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Nebraska City News-Press - Nebraska City, NE
  • Bill to reduce early in-person voting advances in Nebraska legislature

  • A bill that would reduce the number of days for early in-person voting in Nebraska cleared the first round of debate in the legislature, with an attached amendment. The proposal calls for reducing the voting window from 35 days to 30 days.
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  • A bill that would reduce the number of days for early in-person voting in Nebraska cleared the first round of debate in the legislature, with an attached amendment. The proposal calls for reducing the voting window from 35 days to 30 days.
    Initially, LB271 called for reducing early in-person voting to 25 days. The bill was approved by state senators by a vote of 31 to 0, after the amendment reducing voting to 30 days. The bill did not affect the start date for absentee ballot requests.
    The bill, introduced by Senator Scott Lautenbaugh for Secretary of State John Gale was brought in response to a complaint filed under the federal Help America Vote Act (HAVA). A visually impaired woman in Lincoln was not able to vote in-person on the same date as other early in-person voters at the Lancaster County Election Commissioner’s office in October 2012. The AutoMARK machines for those who were physically disabled or visually impaired were not able to be coded in time as to meet the early in-person voting start date under state law.
    The hearing officer who heard the complaint recommended that the appropriate remediation would be to reduce early, in-person voting from 35 days to 25 days. The average for most states for early in-person voting is 22 days.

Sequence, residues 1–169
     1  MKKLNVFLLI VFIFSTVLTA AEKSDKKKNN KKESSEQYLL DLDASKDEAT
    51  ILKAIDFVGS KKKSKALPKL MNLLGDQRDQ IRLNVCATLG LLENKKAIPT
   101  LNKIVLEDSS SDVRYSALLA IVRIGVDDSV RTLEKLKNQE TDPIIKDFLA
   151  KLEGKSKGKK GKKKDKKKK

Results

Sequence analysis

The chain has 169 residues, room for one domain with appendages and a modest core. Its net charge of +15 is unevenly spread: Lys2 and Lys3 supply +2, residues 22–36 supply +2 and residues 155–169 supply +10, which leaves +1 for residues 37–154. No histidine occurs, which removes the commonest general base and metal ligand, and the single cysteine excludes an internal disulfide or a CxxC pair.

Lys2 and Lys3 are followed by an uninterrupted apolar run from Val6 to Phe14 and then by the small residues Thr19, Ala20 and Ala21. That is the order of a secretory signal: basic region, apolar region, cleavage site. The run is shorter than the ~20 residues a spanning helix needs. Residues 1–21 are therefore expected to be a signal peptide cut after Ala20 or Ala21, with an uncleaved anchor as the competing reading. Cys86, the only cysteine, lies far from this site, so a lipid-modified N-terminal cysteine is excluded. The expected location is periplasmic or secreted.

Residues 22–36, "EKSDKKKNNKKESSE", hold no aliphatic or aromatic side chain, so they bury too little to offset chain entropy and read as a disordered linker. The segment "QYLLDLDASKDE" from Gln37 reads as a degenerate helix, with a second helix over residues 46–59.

“That 25 day period was not an arbitrary number, so of course I am disappointed” explained Gale. “The HAVA hearing and the hearing by the Government, Military and Veterans Affairs committee both found the 25 day period to be appropriate to avoid any future HAVA complaints. We felt that was a reasonable buffer, especially during years in which there is a presidential election and there are even more deadlines that delay ballot certification which delays the equipment voting.”
    “I don’t know if five days will be enough,” said Gale. “We’ll have to see. A 25 day period would have given us a better window to be prepared for all early in-person voters including the disabled and visually impaired, but we will do the best we can to meet this new deadline.”
    Gale said while it does provide some breathing room, it may still be too close to prevent possible HAVA complaints in the future.  “There are certainly a number of factors that come into play during each and every election. No one election is like any other.”
    Gale said he greatly appreciated, in particular, the efforts by Senator Lautenbaugh and Senator Bill Avery for their leadership during the floor debate, and their ability to achieve a compromise that gives election officials some relief to be ready to meet the needs of all early in-person voters.

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